The afternoon session also included the election of Johnnie Monroe (Pittsburgh) to Synod Moderator and Kathleen Sillman to the Vice-Moderator positions, who were later installed into those rolls. Johnnie had been the Vice-Moderator. Connie Quinn (Upper Ohio Valley) was also elected to fill a vacancy on the Governing Commission while Jean Kennedy (Pittsburgh) remained on the Nominating Committee and will be joined by new members John Bolt (West Virginia) and William Netting (Donegal). It was also agreed that the past Moderator – in this case Barbara Chaapel – shall be an ex-officio member of the Governing Commission.
Transitional Executive Susan Faye Wonderland spoke briefly about the direction the Synod is moving, saying that the Synod’s upcoming 300th anniversary celebration is “one that pushes us into the future.” She then recognized the Executive Advisory Team, the Synod staff and Consultant Philip Bergey for their continued hard work as the Synod continues its transition into a Policy Governance ruling model. Synod Treasurer Chantal Atnip was also re-elected for a five-year term.
Doug Portz, a commissioner from Pittsburgh who is now a Regional Representative at the Board of Pensions, informed the group about the Board’s redesign plan that is in the works for 2016. The idea behind the redesign is to construct one plan that has a menu of options to suit each individual person. He said, employers “can choose to provide employees, both lay and non-mandated teaching elders, with coverage identical to installed pastors, or they can select several benefits to offer, depending on what works for them.” More details will become available through the Board of Pensions as they are finalized.
A report from the Governing Commission followed and included a three-part summary from the first meeting of the team in mid-September. The common point made was that the group was able to come together as one at that meeting and began to dig its heels into the work. David Leslie (Washington) was so impressed with how the Governing Commission is structured that he asked “where has this been before?” Harry Johns (Lake Erie) added that everyone is “very much dedicated to the success of the Synod of the Trinity.” The ends, or goals, listed in the Policy Governance Manuel were displayed around the conference room for everyone to see and digest throughout the two-day meeting.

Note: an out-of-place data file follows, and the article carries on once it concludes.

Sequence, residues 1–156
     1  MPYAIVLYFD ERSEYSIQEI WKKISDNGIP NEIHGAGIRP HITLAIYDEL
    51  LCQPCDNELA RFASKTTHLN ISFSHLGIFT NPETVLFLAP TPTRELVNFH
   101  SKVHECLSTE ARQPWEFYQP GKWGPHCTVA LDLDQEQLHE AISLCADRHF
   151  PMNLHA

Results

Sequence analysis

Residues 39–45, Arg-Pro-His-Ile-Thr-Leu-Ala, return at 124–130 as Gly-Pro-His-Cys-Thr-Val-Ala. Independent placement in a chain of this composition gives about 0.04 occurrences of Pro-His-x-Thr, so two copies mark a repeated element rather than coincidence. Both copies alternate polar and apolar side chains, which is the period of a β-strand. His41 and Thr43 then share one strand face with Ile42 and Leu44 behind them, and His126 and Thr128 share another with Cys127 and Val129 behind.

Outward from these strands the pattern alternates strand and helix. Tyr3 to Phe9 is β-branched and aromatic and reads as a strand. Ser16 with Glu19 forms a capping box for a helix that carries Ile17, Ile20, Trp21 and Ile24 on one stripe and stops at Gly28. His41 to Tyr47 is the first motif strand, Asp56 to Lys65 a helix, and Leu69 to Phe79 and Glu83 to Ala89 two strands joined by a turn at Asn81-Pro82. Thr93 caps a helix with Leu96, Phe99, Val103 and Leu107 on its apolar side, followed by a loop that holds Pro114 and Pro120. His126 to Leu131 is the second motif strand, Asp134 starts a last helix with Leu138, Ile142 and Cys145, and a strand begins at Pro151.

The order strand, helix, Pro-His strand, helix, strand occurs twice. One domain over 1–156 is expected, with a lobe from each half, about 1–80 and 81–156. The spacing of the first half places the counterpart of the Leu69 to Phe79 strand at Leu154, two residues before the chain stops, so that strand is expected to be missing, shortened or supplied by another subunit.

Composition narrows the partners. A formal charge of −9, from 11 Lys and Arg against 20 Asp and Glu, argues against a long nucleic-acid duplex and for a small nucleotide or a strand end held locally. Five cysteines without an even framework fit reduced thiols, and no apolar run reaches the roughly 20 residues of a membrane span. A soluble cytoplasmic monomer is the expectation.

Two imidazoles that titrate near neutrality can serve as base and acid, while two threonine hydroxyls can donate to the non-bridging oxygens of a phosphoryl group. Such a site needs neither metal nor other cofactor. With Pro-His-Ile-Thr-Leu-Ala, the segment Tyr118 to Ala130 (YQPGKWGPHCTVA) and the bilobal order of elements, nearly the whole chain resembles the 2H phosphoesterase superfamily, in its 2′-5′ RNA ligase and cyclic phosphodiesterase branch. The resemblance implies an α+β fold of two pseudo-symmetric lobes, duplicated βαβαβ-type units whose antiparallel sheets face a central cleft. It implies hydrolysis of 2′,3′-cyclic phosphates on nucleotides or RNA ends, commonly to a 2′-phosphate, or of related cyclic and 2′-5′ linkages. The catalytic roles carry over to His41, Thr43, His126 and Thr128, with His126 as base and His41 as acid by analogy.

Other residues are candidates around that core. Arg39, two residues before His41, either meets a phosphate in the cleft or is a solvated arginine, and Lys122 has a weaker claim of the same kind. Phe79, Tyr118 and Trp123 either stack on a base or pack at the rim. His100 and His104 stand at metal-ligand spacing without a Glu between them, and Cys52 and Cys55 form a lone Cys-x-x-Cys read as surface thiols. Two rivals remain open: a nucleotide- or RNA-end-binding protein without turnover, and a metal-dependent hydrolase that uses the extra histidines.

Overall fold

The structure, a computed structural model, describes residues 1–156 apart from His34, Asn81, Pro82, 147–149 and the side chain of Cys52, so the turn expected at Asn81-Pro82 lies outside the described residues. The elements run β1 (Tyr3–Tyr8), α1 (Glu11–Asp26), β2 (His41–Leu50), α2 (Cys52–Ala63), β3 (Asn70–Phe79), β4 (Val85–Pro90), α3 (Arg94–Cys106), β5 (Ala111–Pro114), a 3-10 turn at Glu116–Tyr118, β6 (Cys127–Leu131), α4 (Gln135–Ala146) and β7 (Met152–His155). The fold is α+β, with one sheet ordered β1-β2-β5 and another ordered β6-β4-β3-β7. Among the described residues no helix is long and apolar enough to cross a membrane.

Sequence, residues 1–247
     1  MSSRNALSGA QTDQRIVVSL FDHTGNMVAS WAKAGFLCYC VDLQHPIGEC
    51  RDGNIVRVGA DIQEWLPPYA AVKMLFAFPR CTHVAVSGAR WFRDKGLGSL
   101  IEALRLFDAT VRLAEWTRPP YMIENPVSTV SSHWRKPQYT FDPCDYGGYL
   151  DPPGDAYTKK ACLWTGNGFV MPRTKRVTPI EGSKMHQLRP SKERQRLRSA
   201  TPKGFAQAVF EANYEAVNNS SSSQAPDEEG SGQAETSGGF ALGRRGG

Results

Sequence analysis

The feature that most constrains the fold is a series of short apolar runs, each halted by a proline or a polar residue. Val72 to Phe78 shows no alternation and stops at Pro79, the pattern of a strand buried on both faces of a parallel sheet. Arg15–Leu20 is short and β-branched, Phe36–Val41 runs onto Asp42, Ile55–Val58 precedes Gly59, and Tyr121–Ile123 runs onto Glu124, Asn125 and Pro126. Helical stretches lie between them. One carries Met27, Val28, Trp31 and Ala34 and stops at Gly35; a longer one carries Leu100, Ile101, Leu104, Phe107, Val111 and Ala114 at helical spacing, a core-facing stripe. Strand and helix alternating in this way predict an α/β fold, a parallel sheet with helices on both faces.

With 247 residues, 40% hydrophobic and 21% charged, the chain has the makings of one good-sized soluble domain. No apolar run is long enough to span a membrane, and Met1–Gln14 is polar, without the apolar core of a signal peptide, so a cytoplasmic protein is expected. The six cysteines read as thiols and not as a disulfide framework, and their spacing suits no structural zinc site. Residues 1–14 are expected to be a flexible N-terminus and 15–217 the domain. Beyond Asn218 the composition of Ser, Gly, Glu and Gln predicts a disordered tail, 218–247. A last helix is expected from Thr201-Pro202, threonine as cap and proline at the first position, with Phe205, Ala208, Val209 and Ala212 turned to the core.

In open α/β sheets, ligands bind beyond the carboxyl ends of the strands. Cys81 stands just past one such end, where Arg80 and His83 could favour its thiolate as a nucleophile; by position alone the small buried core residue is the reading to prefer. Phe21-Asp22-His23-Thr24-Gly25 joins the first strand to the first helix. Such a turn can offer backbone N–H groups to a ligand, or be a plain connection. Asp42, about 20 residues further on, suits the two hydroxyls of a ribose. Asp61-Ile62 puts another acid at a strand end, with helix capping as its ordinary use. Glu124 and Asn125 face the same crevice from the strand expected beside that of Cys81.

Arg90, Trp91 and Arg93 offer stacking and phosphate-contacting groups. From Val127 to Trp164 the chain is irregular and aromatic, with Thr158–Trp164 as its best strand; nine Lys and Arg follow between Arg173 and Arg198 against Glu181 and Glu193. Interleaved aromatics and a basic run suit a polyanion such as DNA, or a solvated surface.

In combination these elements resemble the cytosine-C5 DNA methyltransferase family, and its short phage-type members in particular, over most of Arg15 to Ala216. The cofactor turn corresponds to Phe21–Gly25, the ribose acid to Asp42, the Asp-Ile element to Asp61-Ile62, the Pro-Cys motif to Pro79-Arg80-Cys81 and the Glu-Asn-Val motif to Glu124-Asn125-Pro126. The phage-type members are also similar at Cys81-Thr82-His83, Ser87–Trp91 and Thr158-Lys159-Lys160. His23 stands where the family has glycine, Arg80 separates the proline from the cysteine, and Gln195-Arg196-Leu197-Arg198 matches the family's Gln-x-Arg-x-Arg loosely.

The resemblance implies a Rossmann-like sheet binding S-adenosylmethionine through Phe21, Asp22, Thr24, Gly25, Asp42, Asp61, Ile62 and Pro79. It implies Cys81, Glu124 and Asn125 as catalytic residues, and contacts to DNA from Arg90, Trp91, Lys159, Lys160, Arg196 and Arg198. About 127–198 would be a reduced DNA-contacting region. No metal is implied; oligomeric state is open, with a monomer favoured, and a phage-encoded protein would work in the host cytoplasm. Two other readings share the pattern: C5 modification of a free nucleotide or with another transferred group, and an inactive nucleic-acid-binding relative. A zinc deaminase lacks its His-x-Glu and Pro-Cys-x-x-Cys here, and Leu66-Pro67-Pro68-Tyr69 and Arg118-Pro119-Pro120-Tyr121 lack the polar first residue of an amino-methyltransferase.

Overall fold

Monday evening included more table conversations centered on gun violence. It was agreed that discussions about this disturbing trend need to be had in churches and shared by commissioners in their presbyteries. One comment was that the gun-violence issue “looks different in rural hunting communities than in urban communities.” The day concluded with a sermon by Kathleen Sillman, who asked “Are We There Yet?” (Read sermon here.) She answered the question by saying that in this time of change into Policy Governance in the Synod that “Well, we do know this – we have each been called by God to be right here in this place and time. God knows we are enough.”
Tuesday, the Synod’s Mid-Council Task Group spoke on the General Assembly’s recommendation that the number of synods in the United States be reduced from 16 to 10-12. With each synod asked to look at their own situation, the Task Group reported that it believes the Synod of the Trinity’s boundaries should not be changed in part because this synod is already one of the largest in the country. The Synod is, however, open to boundaries that are “more porous and easier to navigate for the purposes of more effective mission and ministry.” The report was approved by a unanimous vote. A meeting in Dallas is scheduled for later this fall for all of the synods to discuss the realignment mandate.
Before the meeting came to a close, it was noted that the per capita giving of $2.30 will not change for 2017. Action was made on per capita for 2017 because there is only one Synod Assembly Meeting scheduled for 2016 and that will not occur until October.
Note: The meeting docket and corresponding paperwork can be found here.
Synod of the Trinity